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Protestors hold placards and roses during a demonstration against the Citizenship Amendment Act (CAA), in Chennai, India

Protestors hold placards and roses during a demonstration against the Citizenship Amendment Act (CAA), in Chennai, India.

State, Patriarchy, and Muslim Women in India: A Historical Perspective on the Anti-CAA Protests

March 4, 2021|Volume14 |Issue4

Even as the Right-wing Bhartiya Janata Party (BJP) government seeks to transform the Indian state to reflect its Hindu-majoritarian mien and establish unassailable power under Narendra Modi, it has faced severe challenges since returning power in 2019. Last year it was the government’s Citizenship Amendment Act (CAA) along with its adamance to implement the National Register of Citizens (NRC) that saw a turnout of angry citizens in Delhi and elsewhere. They stayed on the streets for three months, in the cold, challenging the law that attempted to recalibrate citizenship on the basis of religion. This winter, in the midst of the pandemic, the farmers have assembled on Delhi’s borders to protest hastily passed farm laws. In both cases the government has adopted similar tactics—managing media and calling the agitators anti-national, leftists, and foreign agents. These protests demonstrate that collective action is salient, agglomerating affirmative citizenship beneath the right to protest and exposing the government as arrogant, unresponsive, and in thrall of its electoral power. The anti-CAA movement saw ordinary people, particularly Muslim women, lead from the front. This article underlines the paradox of the enormous power of the BJP government built on electoral victories and the simmering discontent against its unabashed pro-Hindu politics by understanding the role of Muslim women in the anti-CAA protests from a historical perspective, emphasizing the importance of their effectively articulated and publicly performed citizenship.
 
A Patriarchal Pattern
Before initiating a discussion on Muslim women, the patriarchal form of the Indian (and Pakistani) state at the foundational moment of independence should be noted. During the genocidal 1947 “Partition riots” that pitted Hindu (and Sikh) mobs against Muslim ones, each targeted women of the “other” community through racialized sexual violence that saw many women raped, abducted, and branded. As the two states sought to recover “their” abducted women, ownership claims over them were made based on religion (Hindu/Sikh to India; Muslim to Pakistan).1  These “repatriations” were undertaken without the consent of the women, thereby establishing patriarchal state control over them and jeopardizing the notion of equality of citizenship. The women’s bodies, their perceived “purity/impurity,” and their belonging and non-belonging came to be signifiers of the patriarchal power of the state. This falls on a continuum with the attitude of nineteenth century upper-caste, middle-class cultural nationalists, who invested prestige in the disciplined and “tradition-bound” bodies of women as restorative of their patriarchal-political power.2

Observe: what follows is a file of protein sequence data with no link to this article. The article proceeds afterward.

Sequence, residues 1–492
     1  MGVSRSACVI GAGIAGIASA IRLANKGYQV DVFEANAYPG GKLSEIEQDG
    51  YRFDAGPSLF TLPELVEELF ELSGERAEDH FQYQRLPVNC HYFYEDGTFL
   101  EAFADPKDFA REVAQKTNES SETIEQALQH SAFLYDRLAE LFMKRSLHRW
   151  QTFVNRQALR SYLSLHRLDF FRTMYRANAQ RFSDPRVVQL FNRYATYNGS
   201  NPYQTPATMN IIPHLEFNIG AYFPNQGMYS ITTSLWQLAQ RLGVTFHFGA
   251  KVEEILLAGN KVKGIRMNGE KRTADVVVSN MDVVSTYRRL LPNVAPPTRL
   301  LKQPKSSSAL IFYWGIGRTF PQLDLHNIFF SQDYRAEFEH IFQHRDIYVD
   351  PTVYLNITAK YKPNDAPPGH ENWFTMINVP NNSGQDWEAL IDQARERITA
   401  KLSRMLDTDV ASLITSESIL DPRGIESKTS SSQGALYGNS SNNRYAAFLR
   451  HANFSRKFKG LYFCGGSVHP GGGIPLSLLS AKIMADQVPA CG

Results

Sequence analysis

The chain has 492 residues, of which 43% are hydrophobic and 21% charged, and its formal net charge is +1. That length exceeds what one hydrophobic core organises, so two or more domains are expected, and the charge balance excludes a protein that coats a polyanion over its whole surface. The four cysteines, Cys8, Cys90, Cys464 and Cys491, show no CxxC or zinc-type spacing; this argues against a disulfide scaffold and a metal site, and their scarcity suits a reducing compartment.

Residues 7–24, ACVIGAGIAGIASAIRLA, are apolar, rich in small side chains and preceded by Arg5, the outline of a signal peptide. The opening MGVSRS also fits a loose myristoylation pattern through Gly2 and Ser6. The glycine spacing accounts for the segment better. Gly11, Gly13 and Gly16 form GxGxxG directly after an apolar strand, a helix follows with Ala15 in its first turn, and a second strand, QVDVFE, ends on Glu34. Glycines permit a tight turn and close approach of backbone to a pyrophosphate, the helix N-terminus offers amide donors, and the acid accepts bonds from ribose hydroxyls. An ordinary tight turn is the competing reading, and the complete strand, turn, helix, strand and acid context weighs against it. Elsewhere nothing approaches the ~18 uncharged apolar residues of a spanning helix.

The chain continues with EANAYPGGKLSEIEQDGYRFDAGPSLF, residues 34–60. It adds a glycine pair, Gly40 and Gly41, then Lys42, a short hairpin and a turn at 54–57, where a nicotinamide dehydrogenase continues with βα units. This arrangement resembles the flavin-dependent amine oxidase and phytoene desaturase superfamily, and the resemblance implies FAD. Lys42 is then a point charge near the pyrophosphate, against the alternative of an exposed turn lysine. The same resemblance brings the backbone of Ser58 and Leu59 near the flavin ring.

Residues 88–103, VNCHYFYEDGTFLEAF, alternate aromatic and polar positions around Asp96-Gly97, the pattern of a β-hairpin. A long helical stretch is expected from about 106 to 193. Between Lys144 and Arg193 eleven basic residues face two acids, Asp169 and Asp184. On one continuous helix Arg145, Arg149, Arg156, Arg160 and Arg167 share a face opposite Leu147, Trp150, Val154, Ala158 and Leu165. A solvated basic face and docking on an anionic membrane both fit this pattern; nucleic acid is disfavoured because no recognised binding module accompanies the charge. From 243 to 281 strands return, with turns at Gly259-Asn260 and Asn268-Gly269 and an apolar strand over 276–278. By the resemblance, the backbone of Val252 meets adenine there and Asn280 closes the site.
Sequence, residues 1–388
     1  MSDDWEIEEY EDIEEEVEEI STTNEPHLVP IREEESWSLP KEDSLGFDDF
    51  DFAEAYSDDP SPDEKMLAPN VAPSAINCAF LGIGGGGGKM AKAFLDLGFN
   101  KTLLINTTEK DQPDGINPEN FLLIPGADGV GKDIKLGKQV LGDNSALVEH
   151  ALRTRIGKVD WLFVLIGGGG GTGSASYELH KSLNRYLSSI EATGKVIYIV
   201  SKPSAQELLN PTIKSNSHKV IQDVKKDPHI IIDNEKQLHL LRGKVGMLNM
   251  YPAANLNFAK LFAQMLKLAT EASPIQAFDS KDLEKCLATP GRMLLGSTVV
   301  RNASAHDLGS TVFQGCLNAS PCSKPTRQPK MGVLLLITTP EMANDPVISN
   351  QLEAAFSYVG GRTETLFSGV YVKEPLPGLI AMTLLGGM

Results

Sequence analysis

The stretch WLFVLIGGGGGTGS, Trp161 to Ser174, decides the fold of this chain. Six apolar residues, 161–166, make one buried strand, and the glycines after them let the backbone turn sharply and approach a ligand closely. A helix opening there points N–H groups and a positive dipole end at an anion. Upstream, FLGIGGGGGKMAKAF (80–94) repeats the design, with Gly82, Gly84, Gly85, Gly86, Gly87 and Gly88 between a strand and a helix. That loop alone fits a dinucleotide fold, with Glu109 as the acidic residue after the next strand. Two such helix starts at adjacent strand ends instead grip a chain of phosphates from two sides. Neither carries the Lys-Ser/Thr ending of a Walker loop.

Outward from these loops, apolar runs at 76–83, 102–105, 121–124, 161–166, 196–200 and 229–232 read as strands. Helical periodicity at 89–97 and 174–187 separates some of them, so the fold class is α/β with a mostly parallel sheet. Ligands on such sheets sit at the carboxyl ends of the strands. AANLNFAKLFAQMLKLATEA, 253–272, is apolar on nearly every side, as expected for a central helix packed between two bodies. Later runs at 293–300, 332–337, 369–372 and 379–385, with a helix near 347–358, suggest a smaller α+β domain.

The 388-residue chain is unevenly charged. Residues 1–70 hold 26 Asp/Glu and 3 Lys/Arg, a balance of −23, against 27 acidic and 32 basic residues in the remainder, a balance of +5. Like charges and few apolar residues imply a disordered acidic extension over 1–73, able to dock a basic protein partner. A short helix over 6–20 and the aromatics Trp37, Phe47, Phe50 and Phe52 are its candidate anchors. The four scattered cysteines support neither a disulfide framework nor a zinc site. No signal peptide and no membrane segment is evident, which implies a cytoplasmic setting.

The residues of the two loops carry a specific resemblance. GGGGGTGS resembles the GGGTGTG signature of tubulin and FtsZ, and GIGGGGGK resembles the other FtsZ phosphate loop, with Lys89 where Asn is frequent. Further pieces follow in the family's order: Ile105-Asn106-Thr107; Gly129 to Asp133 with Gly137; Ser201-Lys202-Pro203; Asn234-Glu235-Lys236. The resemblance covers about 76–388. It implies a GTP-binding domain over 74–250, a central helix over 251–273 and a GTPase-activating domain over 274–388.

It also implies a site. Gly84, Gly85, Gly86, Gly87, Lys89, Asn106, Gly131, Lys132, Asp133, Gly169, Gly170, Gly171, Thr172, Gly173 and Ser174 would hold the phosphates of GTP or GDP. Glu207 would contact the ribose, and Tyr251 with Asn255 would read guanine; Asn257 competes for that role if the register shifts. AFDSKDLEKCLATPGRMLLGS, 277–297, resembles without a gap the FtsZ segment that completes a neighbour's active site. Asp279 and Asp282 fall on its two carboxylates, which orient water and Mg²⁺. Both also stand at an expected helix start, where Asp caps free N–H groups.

From the nineteenth century on, Muslim men also turned to upper-class sharif women to reorganize their lives and reconstruct notions of sharafat and respectability. The lessons in thrifty domesticity and reform, conveyed through novels of Nazir Ahmad and Altaf Hussain Hali3 or through journalistic outpourings in Tehzib-i-Niswan or Ismat,4 showed ambitions targeting the “Islamization” of women.5  This project involved educating women, though the ends could range from making women adept religious scholars to learning rudimentary 3Rs to read the Koran or do domestic account-keeping.6  While many elite women participated in this exercise, the majority of poor Muslim women remained outside the ambit of such reformism.7 
 
By the early twentieth century, the Muslim as a demographic category was being viewed as a diminished citizen of the future Indian nation, transmogrifying them into the hyphenated “Indian-Muslim” we are familiar with today.8  The deprivations of Muslim communities in India were brought to general notice through the 2006 Sachar Committee Report, which underscored the many ways in which the Muslims remained “backward”: from low levels of education to virtual invisibility in high-status professions like the elite government services.9  The findings of the Muslim Women’s Survey undertaken by academics Zoya Hasan and Ritu Menon demonstrated that the disadvantages of Muslim women were based both on their community and their gender.10